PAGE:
..they sold their souls. What is interesting is the people who are buying this nonsense from fans to the media have a smear campaign going that there is something wrong with you because you cannot wrap your head around the “playoff” format and you don’t need or want the shiny objects and flashy productions, you want good racing and everything else will talk care of itself. It is a marvel and sad thing to watch…nasty style of business going around in the world today, accepted and without value by the sheep.


yeah, I’ve been on the receiving end of more than some of that, especially on twitter. Seems to me that it is a poor way to try and keep your fan base by insulting them and trying to run them off.


but then again, I am not the fan that NASCAR wants to keep.

Tim S.

Gina, they think they don’t want you. Until you and the other Gordon fans leave after his retirement, and they can actually watch the sales/ratings/revenue drop in real time. In years past, fans with your views would walk away and be replaced by a more coveted demographic. Now, no one is waiting for your spot, and they’ll see that when you leave.


It brings up an interesting point. What will happen to the fan base when popular drivers like Gordon, Jr, Stewart, Harvick retire? I’m guessing fans of these drivers became fans well before this Chase crap started. Will those fans still watch the sport or will Nascar take a huge hit in ratings and attendance? We’ll know the answer soon enough.

Tim S.

How many times do we see/hear the following scenario:

1. Host asks panelists’s opinion on topic.
2. Ex-driver/crew chief #1 makes thoroughly positive statement, uses phrase “grow the sport” at least once
3. Ex driver/crew chief #2 agrees completely, states that the competition is better than it has ever been
4. Other media member/team owner/stakeholder opines that those who do not agree don’t understand good racing
5. Ex-driver/crew chief #1 interrupts with a statement about how the racing in days of old really wasn’t very good
6. Host closes the loop by saying that the only negative is that the change wasn’t made earlier.

Adjust template for number and profession of participants, length of segment, and subject of discussion (rule change, season/race result, state of the sport, etc.).

Presto, TV/media template in 6 steps or less.

capt spaulding

You must have NASCAR on Sirius, ,,,,, God bless you, I couldn’t even stand it during the introductory offer including free pom poms and official Danica autographed “wave around flag.”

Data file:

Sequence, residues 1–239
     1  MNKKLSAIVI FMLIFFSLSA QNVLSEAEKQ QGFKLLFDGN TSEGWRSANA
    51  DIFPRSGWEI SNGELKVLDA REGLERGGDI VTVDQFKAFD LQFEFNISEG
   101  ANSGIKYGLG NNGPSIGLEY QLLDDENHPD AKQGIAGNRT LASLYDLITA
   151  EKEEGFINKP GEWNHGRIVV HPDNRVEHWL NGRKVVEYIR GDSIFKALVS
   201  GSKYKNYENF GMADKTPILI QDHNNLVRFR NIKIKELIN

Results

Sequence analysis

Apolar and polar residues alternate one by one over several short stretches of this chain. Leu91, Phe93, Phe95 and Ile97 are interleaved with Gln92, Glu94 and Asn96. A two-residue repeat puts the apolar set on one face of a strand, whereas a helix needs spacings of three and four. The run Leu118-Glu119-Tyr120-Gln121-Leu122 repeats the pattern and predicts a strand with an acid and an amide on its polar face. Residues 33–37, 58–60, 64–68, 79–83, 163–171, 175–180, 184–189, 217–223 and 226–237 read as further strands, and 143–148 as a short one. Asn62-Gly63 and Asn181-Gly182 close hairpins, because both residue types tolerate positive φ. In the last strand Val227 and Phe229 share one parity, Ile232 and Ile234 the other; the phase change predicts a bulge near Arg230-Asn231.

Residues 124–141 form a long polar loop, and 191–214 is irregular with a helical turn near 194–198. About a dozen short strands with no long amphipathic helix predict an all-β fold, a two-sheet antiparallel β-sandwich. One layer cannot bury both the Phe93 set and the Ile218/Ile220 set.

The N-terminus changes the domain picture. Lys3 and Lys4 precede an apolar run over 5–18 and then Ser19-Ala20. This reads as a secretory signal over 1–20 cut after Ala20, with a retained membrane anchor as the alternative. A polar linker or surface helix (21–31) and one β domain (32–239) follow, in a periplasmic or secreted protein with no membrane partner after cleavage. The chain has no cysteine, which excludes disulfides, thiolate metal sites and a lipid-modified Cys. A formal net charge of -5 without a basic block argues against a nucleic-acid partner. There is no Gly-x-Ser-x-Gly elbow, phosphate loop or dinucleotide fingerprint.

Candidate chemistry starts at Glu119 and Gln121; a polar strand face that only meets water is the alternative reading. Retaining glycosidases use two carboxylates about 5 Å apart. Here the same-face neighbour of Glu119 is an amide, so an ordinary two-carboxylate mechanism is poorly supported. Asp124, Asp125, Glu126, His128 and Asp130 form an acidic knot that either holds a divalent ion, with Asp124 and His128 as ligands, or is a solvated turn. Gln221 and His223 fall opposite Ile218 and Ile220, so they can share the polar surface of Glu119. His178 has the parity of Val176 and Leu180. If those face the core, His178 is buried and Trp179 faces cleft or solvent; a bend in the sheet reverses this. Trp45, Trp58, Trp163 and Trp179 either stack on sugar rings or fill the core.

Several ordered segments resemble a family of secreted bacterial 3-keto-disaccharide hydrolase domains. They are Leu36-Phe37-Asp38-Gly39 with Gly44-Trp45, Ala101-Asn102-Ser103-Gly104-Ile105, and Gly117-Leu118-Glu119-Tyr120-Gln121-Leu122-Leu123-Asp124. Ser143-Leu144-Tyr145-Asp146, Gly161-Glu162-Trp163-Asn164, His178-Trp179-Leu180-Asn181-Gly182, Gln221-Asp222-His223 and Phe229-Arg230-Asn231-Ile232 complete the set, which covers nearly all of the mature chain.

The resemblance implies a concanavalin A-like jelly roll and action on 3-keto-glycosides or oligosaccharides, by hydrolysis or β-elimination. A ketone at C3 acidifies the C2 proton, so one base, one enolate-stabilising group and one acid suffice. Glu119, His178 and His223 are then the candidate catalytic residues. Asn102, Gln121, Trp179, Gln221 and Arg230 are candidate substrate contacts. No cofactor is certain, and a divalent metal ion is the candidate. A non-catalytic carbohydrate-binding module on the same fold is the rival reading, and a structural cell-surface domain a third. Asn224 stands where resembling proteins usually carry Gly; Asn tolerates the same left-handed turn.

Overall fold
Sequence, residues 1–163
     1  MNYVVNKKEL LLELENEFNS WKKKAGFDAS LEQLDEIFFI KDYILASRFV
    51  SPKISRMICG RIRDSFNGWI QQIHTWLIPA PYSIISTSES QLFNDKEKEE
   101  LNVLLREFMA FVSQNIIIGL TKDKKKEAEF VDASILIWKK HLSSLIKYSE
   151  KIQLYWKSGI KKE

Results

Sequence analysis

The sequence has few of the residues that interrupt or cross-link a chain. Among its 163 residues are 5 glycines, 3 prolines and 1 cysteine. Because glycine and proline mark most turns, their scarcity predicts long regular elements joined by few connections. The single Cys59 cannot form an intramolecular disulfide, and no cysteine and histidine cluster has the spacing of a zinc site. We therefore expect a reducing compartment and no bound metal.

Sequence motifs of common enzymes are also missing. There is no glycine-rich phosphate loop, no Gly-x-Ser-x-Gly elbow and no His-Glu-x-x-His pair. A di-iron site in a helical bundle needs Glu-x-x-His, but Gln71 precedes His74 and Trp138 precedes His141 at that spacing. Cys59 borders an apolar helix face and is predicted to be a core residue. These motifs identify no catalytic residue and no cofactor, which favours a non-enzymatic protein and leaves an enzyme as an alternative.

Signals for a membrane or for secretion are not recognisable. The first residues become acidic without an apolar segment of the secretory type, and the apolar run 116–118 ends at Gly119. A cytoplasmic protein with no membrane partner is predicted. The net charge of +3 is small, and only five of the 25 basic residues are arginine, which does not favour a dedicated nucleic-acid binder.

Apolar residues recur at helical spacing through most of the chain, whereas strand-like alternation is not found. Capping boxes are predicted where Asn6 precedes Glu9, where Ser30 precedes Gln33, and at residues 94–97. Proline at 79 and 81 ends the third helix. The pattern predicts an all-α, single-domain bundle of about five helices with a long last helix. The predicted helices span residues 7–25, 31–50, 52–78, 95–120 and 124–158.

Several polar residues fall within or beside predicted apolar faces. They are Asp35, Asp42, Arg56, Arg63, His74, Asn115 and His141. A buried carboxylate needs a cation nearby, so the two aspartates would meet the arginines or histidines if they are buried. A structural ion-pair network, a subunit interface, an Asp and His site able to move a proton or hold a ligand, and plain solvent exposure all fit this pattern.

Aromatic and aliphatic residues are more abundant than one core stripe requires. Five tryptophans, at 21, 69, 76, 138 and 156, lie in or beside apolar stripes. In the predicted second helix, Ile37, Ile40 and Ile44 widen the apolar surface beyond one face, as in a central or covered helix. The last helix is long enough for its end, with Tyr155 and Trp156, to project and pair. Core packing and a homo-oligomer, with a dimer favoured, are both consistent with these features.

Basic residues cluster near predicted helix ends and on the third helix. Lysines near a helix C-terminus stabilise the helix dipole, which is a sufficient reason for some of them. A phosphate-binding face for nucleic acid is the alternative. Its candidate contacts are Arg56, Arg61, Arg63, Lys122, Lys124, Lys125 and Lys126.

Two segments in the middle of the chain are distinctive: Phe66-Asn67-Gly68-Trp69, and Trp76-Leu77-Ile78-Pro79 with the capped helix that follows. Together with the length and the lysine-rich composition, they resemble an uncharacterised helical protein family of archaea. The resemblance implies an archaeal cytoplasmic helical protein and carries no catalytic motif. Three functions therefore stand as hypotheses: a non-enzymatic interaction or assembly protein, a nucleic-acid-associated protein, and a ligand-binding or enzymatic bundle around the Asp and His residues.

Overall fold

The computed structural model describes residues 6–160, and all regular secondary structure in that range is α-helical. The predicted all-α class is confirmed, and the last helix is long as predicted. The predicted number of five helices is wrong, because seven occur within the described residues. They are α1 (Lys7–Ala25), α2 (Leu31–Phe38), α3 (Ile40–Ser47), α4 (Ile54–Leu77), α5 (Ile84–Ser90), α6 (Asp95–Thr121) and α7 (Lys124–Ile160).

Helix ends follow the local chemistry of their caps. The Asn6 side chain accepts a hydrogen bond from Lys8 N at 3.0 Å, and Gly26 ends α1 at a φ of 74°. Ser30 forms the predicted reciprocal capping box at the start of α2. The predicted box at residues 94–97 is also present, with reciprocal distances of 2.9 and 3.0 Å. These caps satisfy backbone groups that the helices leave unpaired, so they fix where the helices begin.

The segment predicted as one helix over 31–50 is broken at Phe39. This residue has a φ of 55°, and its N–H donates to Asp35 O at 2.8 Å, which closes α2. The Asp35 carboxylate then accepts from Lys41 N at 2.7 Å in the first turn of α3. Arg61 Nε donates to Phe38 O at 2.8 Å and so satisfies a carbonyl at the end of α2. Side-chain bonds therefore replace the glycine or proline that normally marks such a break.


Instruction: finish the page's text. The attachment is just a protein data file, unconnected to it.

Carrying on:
Tim S.

Captain, I’m laughing out loud at that one, sir. No, I don’t have it now, but I thought it would be fun to get, remembering my days as a younger man when I would listen to every second of fuzzy, fragmented NASCAR radio I could find. Just a few segments of it on someone else’s new-car-bonus free trial, however, told me that it’s not something I could handle without resorting to physical violence against the receiver.


Ha, good point, Tim S and those receivers are not cheap! The day I realized I was shouting at the Sirius receiver while on my way in to work and that my bp was probably through the roof was the day I decided to not renew my subscription.


Right on Tim…makes me wanna go slap one of them…..:)


You said it all.

Bill B

That about sums it up. Agree 100% with your observations.


B***h all you will, but there is no system that won’t/can’t produce some less than desirable outcomes. You can reward consistency, but at the expense of winning, or you can reward winning, but we can end up with results where someone wins the championship with a handful of wins and a bunch of DNFs.

The same holds true for the races themselves, there’s no system that pleases every body. You dislike the GWC, but I’m not sure there are many who prefer to see the winner take the checkered flag running the last ten laps under caution – how exciting is that?. You don’t like the peace-arounds, but many others don’t like to see lap down drivers getting in the way.

What’s sad is the way you all but declare your view to be the view that matters, and all who think otherwise are ruining the sport. You speak for yourself and, maybe, the relative handful of people who chirp in to say they agree with you. Rather than insulting those with differing views, it would be better if you all got together and figured out some combination that would work for most of the fans.


…well Tom it worked well for a very long time and many, many fans enjoyed it. We are not the minority the paid pundits would have you believe. Now its change, change, change, for the sake of change and not really about the sport, it seems it is about everything else. Nothing is perfect as you say, such as life..but I know one thing, this isn’t the way to go. Glad you are thrilled with the manufactured excitement and the one race champ. You are just